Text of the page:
Education

Mercer County mom whose son was put in bag delivers 170,000 signatures to school board

Sandra Baker delivered petition papers calling for more teacher training and disciplinary action against those responsible for putting her son in a bag.
Sandra Baker delivered petition papers calling for more teacher training and disciplinary action against those responsible for putting her son in a bag. Lexington Herald-Leader

HARRODSBURG — The Mercer County mother who says her autistic son was put in a bag as a means of punishment asked the school board Thursday night to take immediate action to see that doesn't happen again.

Sandra Baker presented two boxes which she said contained 5,000 pages and 170,000 signatures from an online petition drive.

"The country has taken a stand with me," Baker told the board.

But while mindful of the "recent media attention" concerning Baker's 9-year-old son, Christopher, school board member Jim Stinnett read a written statement that said "the information being conveyed to the general public is not consistent with the evidence" collected by administrators.

Because of the constraints of a federal privacy act, "the school district is not at liberty to educate the public on the facts related to this situation involving an individual student and cannot correct mistaken conclusions which the general public have been led to draw from incomplete or inaccurate information," Stinnett said.

Baker said Christopher was stuffed into a duffel bag and the drawstring was pulled tight after he misbehaved Dec. 14 at Mercer County Intermediate School. School officials described the bag as a form of therapy and said it was not the first time they had put him in the bag.

Baker says she was unaware of the potential use of the bag because her son's Individualized Education Program — which outlines the special services children with disabilities will receive and measurable goals — did not include any reference to it.

"The plan did not say anywhere that he would be tied up in a bag and put in a hallway," Baker said in her statement to the school board. "What they did to Christopher was wrong. It would be wrong for anybody's child. To this day all that Christopher can say about what happened is, 'They put me in a bag.' And it breaks my heart to think he has been through this even once."

Baker has pulled her son out of school and said he won't go back until changes are made.

The case sparked an online petition drive at Change.org. The petition sought comprehensive training for school personnel and the disciplining of the teacher.

Stinnett, the school board member, made no mention of what action would be taken or had been taken. He said the Mercer district "is always open to a constructive dialogue with parents regarding the educational, behavioral and therapeutic service made available to their child."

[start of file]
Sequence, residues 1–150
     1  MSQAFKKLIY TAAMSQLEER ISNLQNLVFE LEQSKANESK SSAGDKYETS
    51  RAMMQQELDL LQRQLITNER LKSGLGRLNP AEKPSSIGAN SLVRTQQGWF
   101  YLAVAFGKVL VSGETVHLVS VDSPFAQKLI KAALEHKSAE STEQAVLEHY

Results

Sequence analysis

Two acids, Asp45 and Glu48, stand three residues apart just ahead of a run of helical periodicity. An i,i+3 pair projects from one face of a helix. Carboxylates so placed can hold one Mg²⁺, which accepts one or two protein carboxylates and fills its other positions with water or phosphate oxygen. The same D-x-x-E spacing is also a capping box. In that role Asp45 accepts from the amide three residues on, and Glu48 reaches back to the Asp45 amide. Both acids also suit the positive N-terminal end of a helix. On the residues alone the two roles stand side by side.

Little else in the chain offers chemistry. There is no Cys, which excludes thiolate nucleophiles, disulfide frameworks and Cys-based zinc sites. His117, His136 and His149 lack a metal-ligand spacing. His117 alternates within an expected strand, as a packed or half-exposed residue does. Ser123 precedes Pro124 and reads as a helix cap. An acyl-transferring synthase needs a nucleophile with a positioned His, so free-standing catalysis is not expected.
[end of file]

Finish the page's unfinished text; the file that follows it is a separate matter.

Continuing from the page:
"However, the school district is legally prohibited from engaging in that dialogue through the news media and in a public forum such as this open forum," Stinnett said.

He said the school district thinks "it had already addressed the situation before the matter ever became a national news story. As is often the case in specialized fields, things appear different to lay persons than they do to those trained and experienced in that area."

Meanwhile, special-education attorney James Gallini of Birmingham, Ala., said Thursday that he and Fort Mitchell attorneys Karen Ginn and Marianne Chevalier were preparing to file a complaint against the district in regard to the actions taken with Baker's son.

It was clear from Thursday night's board meeting at Mercer County Senior High School that people have different opinions about the incident and its fallout.

Parent Lori Wells spoke in support of Baker. Wells said a weighted vest was put on her son Deacon, who has a form of autism, when he was in preschool as a means to restrain and calm him, "kind of like a hug." Deacon is now in third grade. Although Wells didn't know the vest was going to be used, she did give her approval later. She said the district should let parents decide which methods to use.

Elementary school teacher Wilma Thomas was applauded when she spoke in defense of her colleague.

"The allegations brought against the teacher in question serve only the purpose of depriving students of an experienced, high-qualified individual," Thomas said. "The negative media reports have been fed by frustration, misunderstanding and a lack of communication. Our system is dedicated to meeting students at their level of need, and as members of this community, I challenge you to support our schools. Do not allow them to become targets of disrespect or rumor."

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